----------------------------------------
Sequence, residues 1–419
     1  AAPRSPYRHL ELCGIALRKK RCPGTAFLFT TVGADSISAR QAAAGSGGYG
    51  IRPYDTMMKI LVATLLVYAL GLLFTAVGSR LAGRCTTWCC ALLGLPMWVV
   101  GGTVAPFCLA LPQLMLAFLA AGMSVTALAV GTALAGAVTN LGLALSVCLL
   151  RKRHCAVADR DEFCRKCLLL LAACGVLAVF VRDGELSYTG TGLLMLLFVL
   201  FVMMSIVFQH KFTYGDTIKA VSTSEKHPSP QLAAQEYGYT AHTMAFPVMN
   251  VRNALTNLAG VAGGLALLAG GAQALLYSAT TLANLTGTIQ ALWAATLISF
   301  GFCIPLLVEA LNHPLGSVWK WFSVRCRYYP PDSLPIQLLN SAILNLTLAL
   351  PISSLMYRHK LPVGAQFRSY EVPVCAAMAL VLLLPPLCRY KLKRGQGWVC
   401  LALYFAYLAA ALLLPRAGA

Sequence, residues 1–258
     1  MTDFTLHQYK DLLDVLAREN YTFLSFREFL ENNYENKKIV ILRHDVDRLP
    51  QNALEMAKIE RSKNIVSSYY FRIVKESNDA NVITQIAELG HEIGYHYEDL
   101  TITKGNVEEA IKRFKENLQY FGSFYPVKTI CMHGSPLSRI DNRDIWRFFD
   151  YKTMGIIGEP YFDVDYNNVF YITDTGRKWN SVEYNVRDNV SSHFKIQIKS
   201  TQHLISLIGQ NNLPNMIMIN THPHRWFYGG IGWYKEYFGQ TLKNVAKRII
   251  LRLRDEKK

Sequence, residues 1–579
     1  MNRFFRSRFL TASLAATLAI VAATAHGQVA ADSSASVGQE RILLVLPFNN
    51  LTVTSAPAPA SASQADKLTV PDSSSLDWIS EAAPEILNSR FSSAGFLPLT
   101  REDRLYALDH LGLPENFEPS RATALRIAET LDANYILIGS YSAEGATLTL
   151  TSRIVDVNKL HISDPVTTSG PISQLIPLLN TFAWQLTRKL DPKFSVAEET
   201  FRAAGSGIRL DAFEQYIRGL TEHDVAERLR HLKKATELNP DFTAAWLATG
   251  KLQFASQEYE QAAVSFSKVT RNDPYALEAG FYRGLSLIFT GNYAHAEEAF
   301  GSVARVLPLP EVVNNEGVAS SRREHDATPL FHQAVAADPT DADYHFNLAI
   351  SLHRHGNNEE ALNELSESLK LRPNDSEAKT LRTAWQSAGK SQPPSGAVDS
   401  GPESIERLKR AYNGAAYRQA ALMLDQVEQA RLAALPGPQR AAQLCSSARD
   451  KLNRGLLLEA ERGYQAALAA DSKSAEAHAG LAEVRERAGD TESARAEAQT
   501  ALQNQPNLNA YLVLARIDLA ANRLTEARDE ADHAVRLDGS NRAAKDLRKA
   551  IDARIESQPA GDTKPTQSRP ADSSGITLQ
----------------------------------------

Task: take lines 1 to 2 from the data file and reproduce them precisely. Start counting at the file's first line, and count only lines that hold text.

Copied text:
Sequence, residues 1–419
     1  AAPRSPYRHL ELCGIALRKK RCPGTAFLFT TVGADSISAR QAAAGSGGYG